© The Financial Times Ltd 2016
FT and 'Financial Times' are trademarks of The Financial Times Ltd.
The Financial Times and its journalism are subject to a self-regulation regime under the FT Editorial Code of Practice.
July 20, 2009 11:48 pm
Texas Instruments, the second largest US chipmaker, reported a surge in demand for its products in the second quarter as it beat revenue and profit expectations.
Following Intel’s positive outlook last week, TI gave another boost to the tech sector, forecasting solid growth in the current quarter.
In the same way as Intel, TI had suffered with customers slashing their orders and living off their existing inventories from the end of last year through the first quarter, in order to cope with the recession and an uncertain outlook.
“After sharp inventory corrections in our markets during the prior two quarters, our revenue levels are beginning to more closely reflect end demand,” said Rich Templeton, TI chief executive, in a statement on Monday.
TI is also beginning to benefit from its earlier cost-cutting measures.
“As it will likely take some time before the economy strengthens, we have aligned our operations and expenses to be consistent with the weak environment. As a result, we are seeing healthy trends in our profitability,” Mr Templeton said.
The Dallas-based company reported second-quarter sales of $2.46bn and profits of $260m or 20 cents per share. Analysts expected profits of 19 cents on revenues of $2.42bn, according to a consensus gathered by Bloomberg.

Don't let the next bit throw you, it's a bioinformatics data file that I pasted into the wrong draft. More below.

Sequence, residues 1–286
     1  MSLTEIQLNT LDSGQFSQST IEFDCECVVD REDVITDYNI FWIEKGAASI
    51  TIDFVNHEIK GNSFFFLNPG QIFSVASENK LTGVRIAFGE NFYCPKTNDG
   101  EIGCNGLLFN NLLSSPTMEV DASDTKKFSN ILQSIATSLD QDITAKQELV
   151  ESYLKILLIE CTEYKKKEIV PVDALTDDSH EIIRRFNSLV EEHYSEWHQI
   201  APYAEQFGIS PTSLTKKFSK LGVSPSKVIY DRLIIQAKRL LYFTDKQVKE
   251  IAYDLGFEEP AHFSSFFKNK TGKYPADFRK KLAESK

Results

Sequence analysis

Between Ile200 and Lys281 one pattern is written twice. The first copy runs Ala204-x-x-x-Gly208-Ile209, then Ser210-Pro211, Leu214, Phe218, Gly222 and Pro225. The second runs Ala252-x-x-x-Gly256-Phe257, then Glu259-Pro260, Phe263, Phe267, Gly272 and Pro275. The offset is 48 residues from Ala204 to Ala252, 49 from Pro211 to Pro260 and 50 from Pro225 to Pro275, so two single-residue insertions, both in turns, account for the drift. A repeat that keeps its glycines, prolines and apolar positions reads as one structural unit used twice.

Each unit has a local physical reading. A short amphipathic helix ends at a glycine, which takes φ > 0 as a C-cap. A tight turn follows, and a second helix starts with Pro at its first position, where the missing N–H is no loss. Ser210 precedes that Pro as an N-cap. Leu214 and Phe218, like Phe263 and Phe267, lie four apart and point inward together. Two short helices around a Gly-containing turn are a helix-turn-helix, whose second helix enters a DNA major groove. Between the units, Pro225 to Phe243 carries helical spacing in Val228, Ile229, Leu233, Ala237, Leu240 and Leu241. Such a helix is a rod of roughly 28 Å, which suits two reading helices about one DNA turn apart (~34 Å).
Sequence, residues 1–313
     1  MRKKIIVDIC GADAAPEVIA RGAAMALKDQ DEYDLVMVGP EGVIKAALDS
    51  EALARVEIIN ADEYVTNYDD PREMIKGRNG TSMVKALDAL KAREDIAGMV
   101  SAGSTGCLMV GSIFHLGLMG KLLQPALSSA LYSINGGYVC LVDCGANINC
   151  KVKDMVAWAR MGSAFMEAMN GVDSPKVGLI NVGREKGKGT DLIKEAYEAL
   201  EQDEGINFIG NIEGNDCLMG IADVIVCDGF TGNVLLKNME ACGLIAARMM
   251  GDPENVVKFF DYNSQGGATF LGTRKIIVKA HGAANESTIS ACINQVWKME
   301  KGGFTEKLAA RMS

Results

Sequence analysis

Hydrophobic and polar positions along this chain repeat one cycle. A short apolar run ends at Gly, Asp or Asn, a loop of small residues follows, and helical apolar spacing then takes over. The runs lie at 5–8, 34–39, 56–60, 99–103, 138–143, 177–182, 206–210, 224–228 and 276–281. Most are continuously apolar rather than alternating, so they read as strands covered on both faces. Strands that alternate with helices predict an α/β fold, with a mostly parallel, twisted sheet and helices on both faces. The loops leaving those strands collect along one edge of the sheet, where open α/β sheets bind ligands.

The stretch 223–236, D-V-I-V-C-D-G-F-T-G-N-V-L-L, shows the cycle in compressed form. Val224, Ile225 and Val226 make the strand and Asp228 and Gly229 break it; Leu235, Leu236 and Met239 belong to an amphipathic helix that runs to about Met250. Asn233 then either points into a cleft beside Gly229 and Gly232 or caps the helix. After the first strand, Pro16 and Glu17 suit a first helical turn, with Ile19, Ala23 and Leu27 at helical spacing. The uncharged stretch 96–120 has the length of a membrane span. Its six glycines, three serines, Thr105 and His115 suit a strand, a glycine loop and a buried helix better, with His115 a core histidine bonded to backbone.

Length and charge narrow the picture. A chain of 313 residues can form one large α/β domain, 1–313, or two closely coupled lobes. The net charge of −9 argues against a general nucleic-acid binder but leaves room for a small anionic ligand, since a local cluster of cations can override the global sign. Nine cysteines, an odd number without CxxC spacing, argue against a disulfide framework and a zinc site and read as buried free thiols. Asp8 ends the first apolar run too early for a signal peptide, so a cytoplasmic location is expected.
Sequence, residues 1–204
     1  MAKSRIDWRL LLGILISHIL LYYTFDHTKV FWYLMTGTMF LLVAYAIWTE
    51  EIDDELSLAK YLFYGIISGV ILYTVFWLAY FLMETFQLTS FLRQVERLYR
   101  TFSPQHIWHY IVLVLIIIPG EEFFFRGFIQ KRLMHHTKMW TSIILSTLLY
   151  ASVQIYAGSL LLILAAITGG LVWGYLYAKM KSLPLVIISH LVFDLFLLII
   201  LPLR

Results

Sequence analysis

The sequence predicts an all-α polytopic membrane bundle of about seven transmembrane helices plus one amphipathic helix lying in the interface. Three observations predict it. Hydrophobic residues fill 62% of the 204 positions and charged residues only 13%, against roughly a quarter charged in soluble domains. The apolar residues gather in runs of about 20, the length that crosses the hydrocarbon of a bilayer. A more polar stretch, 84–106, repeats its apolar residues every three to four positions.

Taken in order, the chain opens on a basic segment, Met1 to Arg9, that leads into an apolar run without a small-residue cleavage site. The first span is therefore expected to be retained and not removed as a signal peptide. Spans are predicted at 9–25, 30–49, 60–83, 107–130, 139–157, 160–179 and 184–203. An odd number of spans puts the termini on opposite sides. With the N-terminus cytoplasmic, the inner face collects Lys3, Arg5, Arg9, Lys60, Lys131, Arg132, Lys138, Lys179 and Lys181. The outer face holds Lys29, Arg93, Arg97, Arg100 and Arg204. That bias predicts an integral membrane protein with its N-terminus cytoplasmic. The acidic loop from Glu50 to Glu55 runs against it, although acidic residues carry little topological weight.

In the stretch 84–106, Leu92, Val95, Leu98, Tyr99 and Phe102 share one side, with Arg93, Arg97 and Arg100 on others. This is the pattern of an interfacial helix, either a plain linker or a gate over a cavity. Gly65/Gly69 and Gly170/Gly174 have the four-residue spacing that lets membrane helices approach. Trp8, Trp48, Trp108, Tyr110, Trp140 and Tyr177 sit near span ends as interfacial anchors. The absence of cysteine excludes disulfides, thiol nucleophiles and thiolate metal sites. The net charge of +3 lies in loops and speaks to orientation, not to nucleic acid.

Revenues were 18 per cent higher than the first quarter but were down 27 per cent on the same quarter a year ago. TI’s factories are still under-utilised compared with a year ago, but the company said they had responded to a surge in demand during the quarter.
“Looking ahead, we expect solid sequential growth in the third quarter,” said Mr Templeton. The company predicted revenues of $2.5bn-$2.8bn and earnings per share of 29-39 cents.
Areas of strength for TI were in its core analogue and embedded processing chip businesses.
Sales of TI chips for mobile phones also improved on the first quarter, but the company has ceded leadership to Qualcomm in wireless chips. The San Diego-based company reports its earnings on Wednesday.
Gross margins improved almost 1 per cent to 45.7 per cent, but were down from 52.2 per cent a year ago and still some way short of TI’s goal of 55 per cent.
TI shares were down 1 per cent at $23.39 in after-hours trading in New York on the news. Shares in the company had closed 2.6 per cent higher at $23.61.
Copyright The Financial Times Limited 2016. You may share using our article tools.
Please don't cut articles from FT.com and redistribute by email or post to the web.
Sign up for email briefings to stay up to date on topics you are interested in